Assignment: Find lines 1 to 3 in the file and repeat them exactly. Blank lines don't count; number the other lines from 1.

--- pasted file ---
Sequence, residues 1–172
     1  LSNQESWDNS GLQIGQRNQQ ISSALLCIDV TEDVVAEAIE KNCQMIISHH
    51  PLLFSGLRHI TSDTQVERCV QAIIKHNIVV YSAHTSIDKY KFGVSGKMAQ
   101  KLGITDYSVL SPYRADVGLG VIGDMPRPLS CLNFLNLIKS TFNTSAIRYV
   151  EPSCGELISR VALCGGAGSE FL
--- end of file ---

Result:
Sequence, residues 1–172
     1  LSNQESWDNS GLQIGQRNQQ ISSALLCIDV TEDVVAEAIE KNCQMIISHH
    51  PLLFSGLRHI TSDTQVERCV QAIIKHNIVV YSAHTSIDKY KFGVSGKMAQ